A founder's quest for the most sustainable skincare tool

This guest post is brought to you by Amanda McIntosh, founder of Take My Face Off and creator of the Mitty.

Estimated reading time: 11 minutes

What you'll learn:

Here's more about Amanda, the star of this Q&A:

I started Take My Face Off because I was personally disgusted by washcloths. Early in the game, I learned how awful wipes and cotton balls were for the planet, so I decided that I would invent a next-generation washcloth that was so awesome, it would make wipes and cotton balls (and terrycloth) obsolete. It took a lot of experimenting, but my Mittys wound up even better than I hoped!

Mittys are droplet-shaped mitts made of an incredibly soft, skin-friendly fabric. They each have a pointed Detailer tip that gets into small spaces like the lash line or hairline. They are gentler, easier, faster, less messy, and more thorough than any other cleansing aid I have found.

I am an entrepreneur and classical clarinetist. I have been a journalist, business process consultant, and professional trainer. My side hustle is consulting with my husband's company—he helps performing musicians recreate their careers online (because pandemic). My work life is not easy, but it's amazing—helping the planet and helping classical music enter the 21st century.
A picture of Amanda (left) demonstrating the Mitty
Amanda (left) demonstrates the Mitty.

(Okay, wow, what an impressive career and life.)

Join 4,000 people fighting climate change with our fun, bite-sized plans

No annoying marketing emails. Just 3-minute weekly breakdowns of our monthly sustainability topics.
Informative, bite-sized, and actionable, just for you.
Thank you! You're signed up for the fight against climate change. Make sure you add us to your contacts or mark our welcome email as important so we stay in your primary inbox instead of your promotions tab.
Oops! Something went wrong while submitting the form.

Fight climate change in a way that works for you.

💌 Thinking about sustainability can be overwhelming after a busy workday, so we're here to help. Join over 4,000 other busy people and subscribe to Changeletter, a bite-sized action plan that'll take you 3 minutes or less to read every week.
Take action
Headshot of Ash Borkar (a woman with glasses and a cardigan)
"The info is always timely, actionable, and never stale." - Aishwarya Borkar, Change.org
Headshot of Meghan Mehta speaking at Google with a microphone in her hand
"Making social change always felt so overwhelming until I started reading this newsletter." - Meghan Mehta, Google
  1. Tell us about Take My Face Off and why you decided to tackle skincare/beauty, specifically washcloths.

    I had been searching for a softer washcloth for a while because I was in love with a new washcloth-related skincare routine. But washcloths are coarse, thick, ugly, clumsy, harsh on skin...I could complain forever. One night, I was out of clean washcloths AGAIN because I hadn't done enough laundry and my find-a-better-cloth-to-buy attempts had failed, and I realized—millions own washcloths; millions dislike washcloths. Maybe I should create something better? How hard could it be to improve on a coarse square?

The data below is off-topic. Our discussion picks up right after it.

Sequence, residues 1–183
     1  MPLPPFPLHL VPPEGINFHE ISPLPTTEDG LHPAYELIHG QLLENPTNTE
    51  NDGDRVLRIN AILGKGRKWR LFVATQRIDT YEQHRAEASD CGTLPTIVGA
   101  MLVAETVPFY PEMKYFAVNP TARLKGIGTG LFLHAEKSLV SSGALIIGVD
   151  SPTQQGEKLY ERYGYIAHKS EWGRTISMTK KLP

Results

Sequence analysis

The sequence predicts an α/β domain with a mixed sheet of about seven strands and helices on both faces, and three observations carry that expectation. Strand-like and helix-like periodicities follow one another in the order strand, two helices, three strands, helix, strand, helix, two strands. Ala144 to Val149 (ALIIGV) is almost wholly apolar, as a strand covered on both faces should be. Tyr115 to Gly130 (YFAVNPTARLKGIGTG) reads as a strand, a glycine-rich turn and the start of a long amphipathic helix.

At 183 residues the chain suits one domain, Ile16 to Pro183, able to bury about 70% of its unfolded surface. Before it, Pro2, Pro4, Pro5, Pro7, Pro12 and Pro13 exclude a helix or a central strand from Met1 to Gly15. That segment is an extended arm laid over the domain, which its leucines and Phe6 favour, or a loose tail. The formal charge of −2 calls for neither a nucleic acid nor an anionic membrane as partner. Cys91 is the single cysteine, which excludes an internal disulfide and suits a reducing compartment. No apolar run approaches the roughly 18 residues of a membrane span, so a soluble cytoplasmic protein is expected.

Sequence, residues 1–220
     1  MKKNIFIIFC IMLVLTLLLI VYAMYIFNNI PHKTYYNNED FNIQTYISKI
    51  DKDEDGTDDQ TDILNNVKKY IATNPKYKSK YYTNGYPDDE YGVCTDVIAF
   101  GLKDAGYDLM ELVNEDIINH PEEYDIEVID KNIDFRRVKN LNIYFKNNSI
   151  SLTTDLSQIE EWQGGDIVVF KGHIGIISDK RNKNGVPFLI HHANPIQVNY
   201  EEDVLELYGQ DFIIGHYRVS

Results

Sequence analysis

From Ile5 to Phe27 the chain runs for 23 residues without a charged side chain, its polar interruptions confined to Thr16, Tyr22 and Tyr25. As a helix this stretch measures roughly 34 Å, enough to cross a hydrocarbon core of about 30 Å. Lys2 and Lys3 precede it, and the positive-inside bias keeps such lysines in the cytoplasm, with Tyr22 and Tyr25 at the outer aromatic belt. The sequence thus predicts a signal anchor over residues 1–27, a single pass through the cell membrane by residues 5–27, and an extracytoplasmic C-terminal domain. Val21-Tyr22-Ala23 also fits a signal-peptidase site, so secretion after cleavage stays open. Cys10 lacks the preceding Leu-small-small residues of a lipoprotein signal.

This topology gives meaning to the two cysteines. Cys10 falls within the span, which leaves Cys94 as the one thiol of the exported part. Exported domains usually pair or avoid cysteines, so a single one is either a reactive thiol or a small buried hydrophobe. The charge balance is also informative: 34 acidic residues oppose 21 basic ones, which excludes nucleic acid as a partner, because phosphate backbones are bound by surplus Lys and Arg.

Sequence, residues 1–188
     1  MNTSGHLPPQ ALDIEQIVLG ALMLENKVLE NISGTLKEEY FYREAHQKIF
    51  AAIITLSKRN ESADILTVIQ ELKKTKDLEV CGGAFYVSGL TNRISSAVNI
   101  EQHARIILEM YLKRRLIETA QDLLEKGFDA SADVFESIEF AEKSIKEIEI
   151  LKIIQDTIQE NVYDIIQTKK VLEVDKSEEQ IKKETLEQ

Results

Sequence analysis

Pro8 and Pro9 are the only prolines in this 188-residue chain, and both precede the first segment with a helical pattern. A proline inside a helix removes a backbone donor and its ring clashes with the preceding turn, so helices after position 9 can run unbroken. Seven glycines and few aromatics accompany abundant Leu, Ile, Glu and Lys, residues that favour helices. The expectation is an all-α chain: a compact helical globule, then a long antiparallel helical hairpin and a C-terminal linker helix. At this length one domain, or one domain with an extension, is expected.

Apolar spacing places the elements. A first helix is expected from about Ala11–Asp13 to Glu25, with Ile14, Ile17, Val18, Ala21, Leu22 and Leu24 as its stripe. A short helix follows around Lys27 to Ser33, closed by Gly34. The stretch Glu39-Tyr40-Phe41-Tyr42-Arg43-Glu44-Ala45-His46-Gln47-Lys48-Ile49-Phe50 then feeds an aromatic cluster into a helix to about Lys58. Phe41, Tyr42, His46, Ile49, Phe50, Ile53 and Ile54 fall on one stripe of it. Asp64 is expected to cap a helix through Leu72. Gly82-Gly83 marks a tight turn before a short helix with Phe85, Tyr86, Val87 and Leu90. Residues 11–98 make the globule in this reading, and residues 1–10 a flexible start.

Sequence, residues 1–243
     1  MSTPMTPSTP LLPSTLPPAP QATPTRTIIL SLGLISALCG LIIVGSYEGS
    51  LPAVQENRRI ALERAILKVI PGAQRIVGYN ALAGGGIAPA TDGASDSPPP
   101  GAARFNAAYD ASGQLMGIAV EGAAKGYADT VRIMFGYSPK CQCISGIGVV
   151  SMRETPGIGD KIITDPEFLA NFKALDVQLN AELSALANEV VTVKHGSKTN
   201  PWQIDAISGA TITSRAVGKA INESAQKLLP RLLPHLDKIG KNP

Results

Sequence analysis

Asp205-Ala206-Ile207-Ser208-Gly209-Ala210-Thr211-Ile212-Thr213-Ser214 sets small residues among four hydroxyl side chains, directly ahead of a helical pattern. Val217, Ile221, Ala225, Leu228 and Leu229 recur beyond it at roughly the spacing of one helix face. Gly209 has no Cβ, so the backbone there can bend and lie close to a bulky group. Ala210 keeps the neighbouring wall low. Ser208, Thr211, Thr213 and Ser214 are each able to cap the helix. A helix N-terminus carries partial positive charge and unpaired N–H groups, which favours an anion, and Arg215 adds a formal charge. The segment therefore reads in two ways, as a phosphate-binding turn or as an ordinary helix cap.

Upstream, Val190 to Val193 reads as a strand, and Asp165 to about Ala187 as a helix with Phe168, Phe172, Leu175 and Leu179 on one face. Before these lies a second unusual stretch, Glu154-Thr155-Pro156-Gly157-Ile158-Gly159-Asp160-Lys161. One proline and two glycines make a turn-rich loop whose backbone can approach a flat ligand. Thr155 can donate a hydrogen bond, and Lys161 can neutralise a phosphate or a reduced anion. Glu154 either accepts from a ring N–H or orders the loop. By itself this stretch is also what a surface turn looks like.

At first, it was fun but frivolous. When I realized the environmental opportunity to replace wipes and cotton balls, it took over my life and became a mission.

    We started off being totally product/function-focused. But I had two "buckets" of fabrics I was testing—the softest materials I could find (regardless of type), and "green" materials that I knew were responsibly sourced. I made hundreds of test products out of all kinds of materials. I was really crushed when none of the "green" materials performed well enough to be an option.

    I felt it was more important to have a truly amazing product than to just have a "pretty good" product, because wipes users weren't going to change their ways for something that was "pretty good." I had a hunch that ANY reusable option had to be greener than wipes.

    The best fabric I could find was an expensive, Korean, polyester plush. It made skincare fluids go farther and work better. Even though I loved how it worked, I hated that it was imported and synthetic.

    Guilt led me to do a lot of research on the carbon footprint of different fabric. I was honestly shocked to see that my fabric was actually "greener" than something like organic hemp, because it lasted so much longer. I learned how all fabric production caused some amount of pollution, and simple math showed me that a polyester that lasted years and years was "greener" than an organic hemp that only lasted a few months.

    After finding the perfect fabric, I was annoyed it wouldn't move with my hand across the face very well. I found hand mitts ugly, so I worked until I came up with the droplet shape. It was cute, and it has a pointy tip I call the Mitty Detailer. Honestly, I think it's brilliant—it handles the lash line better than cotton swabs, and it's more hygienic, since you can make sure to reserve the round side for "germy" areas like lipstick.